Unexpected Color And Surfaces In The Bahamas

Unexpected Color And Surfaces In The Bahamas

I am back from ten glorious days on a teeny tiny island floating in the Bahamas.

The island, with its exquisite blue green waters, pink sandy beaches and swaying palm trees, provided me with a great deal of calm in a tumultuous world. I breathed in with the ocean and gazed up at the deep blue sky.


Curiously, a great deal of the local architecture has remains unchanged over the past decades.

Like Havana and Cuba you can see white washed walls and beautifully repainted sides of buildings and doors where color comes thru color, much like an abstract painting.

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There are stone walls that wrap around churches, painted a deep yellow or azure blue. These walls at time are pockmarked in quite beautiful and unexpected ways. They reminded me of the surfaces of paintings by Jean Dubuffet and the arte povera movement in Italy in the mid ’30’s.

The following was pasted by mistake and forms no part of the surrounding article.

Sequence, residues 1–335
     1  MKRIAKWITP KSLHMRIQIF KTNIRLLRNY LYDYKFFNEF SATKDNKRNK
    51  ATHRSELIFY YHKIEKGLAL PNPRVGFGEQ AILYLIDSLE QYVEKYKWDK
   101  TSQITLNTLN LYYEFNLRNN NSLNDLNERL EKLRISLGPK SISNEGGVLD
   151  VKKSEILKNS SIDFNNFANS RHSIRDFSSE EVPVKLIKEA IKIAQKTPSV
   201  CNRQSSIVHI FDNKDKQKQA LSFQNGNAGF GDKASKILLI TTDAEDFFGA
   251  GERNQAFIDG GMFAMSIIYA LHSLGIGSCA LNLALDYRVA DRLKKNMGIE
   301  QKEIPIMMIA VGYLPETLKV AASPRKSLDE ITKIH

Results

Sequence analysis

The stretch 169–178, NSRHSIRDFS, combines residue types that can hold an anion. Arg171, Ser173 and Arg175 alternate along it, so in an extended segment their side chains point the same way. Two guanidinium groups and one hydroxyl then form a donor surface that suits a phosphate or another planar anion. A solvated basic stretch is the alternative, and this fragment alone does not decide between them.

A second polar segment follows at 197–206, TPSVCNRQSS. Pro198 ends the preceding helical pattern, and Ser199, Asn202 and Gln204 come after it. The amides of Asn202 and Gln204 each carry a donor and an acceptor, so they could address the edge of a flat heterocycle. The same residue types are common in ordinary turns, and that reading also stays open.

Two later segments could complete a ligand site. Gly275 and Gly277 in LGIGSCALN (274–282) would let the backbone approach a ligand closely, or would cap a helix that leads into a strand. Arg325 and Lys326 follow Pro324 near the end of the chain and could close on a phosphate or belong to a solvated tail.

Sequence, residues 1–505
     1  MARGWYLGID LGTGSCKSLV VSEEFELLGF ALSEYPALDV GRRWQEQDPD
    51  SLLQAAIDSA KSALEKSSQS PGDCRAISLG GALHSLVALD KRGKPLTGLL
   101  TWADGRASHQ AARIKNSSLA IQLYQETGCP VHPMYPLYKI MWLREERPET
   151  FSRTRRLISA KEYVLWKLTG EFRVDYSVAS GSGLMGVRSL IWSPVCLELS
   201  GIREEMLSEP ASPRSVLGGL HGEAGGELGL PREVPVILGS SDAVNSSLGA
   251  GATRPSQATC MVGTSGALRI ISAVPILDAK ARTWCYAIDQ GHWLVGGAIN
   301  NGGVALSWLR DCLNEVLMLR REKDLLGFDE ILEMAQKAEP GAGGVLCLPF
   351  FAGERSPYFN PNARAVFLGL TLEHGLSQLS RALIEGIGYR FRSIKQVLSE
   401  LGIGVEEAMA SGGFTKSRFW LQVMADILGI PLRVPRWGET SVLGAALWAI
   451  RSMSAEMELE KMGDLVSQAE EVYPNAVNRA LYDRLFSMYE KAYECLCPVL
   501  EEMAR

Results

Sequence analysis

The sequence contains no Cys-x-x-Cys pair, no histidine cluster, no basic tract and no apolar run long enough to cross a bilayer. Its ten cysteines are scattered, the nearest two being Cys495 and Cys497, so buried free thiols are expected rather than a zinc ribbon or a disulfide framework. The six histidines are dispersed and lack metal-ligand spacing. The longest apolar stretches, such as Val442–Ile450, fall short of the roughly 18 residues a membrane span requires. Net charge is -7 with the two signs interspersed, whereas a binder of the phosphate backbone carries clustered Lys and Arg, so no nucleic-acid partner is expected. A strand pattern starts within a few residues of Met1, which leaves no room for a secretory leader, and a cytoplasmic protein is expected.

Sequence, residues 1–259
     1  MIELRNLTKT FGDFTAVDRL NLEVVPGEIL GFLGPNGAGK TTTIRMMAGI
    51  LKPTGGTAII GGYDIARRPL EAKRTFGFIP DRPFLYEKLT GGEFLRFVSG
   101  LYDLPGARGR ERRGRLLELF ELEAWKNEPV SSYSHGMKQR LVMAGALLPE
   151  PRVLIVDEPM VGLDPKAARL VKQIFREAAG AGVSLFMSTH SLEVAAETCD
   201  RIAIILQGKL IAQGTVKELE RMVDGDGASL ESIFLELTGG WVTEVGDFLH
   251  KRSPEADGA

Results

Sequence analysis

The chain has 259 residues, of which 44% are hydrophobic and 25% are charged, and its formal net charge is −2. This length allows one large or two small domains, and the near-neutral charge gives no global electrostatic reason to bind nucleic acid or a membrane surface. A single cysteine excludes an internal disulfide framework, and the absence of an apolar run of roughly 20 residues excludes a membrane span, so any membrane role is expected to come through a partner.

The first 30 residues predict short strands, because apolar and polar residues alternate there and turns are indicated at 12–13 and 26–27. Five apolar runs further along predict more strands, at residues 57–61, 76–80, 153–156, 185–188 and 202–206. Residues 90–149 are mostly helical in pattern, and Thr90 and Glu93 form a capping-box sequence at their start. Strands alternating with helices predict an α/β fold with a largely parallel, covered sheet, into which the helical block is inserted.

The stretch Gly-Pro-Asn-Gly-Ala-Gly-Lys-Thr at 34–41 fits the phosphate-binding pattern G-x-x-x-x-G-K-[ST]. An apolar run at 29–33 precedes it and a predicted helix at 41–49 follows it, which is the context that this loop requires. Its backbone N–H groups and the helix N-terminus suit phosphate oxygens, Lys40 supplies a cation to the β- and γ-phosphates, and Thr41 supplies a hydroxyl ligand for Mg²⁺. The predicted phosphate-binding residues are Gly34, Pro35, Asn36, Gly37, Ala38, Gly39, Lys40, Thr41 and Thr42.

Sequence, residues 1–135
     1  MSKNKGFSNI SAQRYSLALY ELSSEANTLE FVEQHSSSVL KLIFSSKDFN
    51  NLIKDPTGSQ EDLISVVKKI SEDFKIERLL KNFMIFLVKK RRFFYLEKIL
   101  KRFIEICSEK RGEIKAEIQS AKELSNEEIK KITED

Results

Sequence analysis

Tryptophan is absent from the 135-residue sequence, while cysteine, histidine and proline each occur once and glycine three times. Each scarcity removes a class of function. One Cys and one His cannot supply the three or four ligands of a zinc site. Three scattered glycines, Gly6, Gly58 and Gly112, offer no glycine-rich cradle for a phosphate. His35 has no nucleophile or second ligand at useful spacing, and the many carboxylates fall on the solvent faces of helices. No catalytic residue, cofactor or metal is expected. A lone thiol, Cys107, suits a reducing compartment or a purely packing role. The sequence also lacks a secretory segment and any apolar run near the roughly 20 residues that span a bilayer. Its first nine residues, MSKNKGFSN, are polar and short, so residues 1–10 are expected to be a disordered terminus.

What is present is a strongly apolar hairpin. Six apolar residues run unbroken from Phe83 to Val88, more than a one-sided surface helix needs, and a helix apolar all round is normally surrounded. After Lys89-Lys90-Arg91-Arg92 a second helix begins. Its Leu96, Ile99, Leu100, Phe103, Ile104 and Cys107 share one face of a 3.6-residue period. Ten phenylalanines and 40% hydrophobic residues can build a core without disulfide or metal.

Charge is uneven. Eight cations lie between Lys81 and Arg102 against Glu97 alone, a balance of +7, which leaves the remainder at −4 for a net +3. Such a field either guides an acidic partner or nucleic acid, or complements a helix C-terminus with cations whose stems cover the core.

There are also sections of curved walls where a top layer is painted a different color than the remaining wall. A lime green atop a rich grey, or a deep cerulean blue atop a swath of whitewashed wall. Much of this reminded me of the cakes that I make, as one color sits atop another in unexpected combinations.

On the faces of many buildings are doors, either beautifully faded or painted a deep dark red or lemon yellow creating an unintended richness.

An abstract painting, whether by Komarin or Matisse, where color is applied over other color, scraped down and repainted: all of this appeared around nearly every turn in the road.


I could imagine Vincent Van Gogh, walking these streets, corncob pipe puffing away looking at this magnificence of color, as past and present meet in the Bahamas.


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